Date: Fri, 11 Jul 97 14:55:24 CDT
From: "Workers World" <firstname.lastname@example.org>
Subject: Why U.S. won't sign land-mine treaty
Land mines horribly maim and kill people. They also drag down a country's economy and put a great burden on the healthy, who must care for the grievously injured.
Representatives of some 150 countries met in Brussels, Belgium, for four days at the end of June for a conference sponsored by the International Campaign to Ban Land Mines and the Belgian government. At the end, 97 countries pledged to sign a binding treaty to ban land mines.
The United States was not among them.
An estimated 120 million land mines are scattered in more than 70 countries, according to the American Red Cross. Organizers say these weapons claim 26,000 victims each year- -one person every 20 minutes.
Among the countries most affected are Vietnam, Cambodia, Laos, Angola, Mozambique and Afghanistan. In every one, U.S. forces or their proxies planted millions of mines. And there are thousands of tragic stories of children, old people and those in the prime of life blown apart by Pentagon mines that the U.S. media will never tell.
What possible excuse can Washington give for not signing the treaty?
The Clinton administration says it won't sign a global agreement until Russia and China do, too, and that a ban on land mines must be negotiated through the United Nations.
Russia and China are poorer countries that are still targeted by the Pentagon. The United States now has absolute military domination in such high-tech areas as missiles, planes, aircraft carriers and submarines. But mines are relatively cheap. As long as other countries have reason to fear the Pentagon, they are likely not to rule out mines as a defensive weapon.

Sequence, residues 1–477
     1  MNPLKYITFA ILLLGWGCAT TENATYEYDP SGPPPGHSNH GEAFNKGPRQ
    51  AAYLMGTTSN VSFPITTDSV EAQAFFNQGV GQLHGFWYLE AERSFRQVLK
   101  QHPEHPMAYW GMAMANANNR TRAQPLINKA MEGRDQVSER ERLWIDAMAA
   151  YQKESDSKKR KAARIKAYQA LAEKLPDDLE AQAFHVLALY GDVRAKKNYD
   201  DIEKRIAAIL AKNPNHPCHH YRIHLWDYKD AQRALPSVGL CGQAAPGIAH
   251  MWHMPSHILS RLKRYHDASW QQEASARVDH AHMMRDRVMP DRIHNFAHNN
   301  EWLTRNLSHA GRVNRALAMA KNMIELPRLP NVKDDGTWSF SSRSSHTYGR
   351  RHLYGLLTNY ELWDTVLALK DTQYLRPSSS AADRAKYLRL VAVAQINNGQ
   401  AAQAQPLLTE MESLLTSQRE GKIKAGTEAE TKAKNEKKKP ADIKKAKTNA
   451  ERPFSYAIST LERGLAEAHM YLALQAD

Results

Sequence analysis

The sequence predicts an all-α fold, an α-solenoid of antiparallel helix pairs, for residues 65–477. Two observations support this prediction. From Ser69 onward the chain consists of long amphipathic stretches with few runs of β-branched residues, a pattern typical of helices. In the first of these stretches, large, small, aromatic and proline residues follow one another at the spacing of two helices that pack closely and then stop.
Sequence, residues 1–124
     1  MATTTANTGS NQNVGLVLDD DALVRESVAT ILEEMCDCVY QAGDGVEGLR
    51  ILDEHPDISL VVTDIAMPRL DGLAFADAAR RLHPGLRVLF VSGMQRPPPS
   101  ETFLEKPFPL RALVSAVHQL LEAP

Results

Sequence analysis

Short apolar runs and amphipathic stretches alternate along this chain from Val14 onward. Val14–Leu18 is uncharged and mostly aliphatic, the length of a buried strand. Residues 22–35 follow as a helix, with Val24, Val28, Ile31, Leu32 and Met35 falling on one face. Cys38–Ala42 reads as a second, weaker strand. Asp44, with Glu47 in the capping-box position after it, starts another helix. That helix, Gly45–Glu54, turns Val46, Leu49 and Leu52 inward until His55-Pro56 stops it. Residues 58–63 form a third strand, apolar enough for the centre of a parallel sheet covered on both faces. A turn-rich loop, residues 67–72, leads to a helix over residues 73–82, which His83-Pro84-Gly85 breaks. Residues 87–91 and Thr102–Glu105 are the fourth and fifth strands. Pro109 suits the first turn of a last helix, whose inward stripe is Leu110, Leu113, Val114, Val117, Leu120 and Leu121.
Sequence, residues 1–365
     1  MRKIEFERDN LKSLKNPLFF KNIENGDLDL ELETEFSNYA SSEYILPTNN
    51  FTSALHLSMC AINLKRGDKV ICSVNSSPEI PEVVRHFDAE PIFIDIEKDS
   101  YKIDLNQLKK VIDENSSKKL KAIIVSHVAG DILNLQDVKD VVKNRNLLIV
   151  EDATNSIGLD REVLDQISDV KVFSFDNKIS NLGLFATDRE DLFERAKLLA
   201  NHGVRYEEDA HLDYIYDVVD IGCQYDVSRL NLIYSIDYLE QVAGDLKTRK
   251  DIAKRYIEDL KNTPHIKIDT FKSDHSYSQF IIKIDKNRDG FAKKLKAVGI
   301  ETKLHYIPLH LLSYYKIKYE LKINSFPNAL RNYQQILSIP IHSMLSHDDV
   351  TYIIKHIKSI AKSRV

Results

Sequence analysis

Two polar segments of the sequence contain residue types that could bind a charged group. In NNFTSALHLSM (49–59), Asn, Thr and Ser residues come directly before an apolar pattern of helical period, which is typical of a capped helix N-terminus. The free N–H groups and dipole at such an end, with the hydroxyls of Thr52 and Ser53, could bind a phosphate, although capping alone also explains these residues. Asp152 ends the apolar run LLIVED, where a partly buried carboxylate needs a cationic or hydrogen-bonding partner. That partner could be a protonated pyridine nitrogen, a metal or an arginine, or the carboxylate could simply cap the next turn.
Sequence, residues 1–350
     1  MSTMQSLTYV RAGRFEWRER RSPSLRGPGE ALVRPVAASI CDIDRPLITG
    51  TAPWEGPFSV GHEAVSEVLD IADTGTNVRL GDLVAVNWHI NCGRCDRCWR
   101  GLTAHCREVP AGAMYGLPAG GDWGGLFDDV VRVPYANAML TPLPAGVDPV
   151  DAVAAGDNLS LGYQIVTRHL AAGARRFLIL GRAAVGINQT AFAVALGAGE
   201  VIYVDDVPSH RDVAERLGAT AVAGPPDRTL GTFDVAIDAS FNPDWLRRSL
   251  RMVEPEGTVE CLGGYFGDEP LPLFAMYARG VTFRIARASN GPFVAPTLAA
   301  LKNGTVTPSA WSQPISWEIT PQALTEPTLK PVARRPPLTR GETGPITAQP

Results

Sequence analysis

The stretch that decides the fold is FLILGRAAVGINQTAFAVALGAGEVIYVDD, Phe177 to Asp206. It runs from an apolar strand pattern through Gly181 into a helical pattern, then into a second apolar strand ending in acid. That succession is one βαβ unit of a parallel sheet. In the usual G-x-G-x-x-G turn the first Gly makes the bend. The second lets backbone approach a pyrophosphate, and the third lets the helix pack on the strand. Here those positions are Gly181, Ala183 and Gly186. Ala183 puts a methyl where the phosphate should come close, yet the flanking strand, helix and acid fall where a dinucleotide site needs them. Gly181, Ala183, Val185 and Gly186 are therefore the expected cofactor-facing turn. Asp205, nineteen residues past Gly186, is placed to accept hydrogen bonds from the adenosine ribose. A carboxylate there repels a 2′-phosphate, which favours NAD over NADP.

So the real problem that must be addressed is Pentagon domination around the world. Because it's the United States that has bases in over 100 countries now. It's the United States that is involved in almost every conflict around the world.
It's the United States that plants mines on other people's lands. That's not the same thing as laying down mines on your own territory to stop an invader.
This aggressive military posture in turn reflects the unbridled race of U.S. corporations for super profits around the globe.
With the Cold War now over, U.S. militarism continues at almost the same level as before. U.S. "defense" industries continue to churn out wildly expensive weapons to sell around the world. The federal budget still groans under the cost of past, present and future wars. And the U.S. government--whether headed by Democrats or Republicans-- oozes talk of peace while sabotaging any steps to meaningfully reduce the level of arms in the world.
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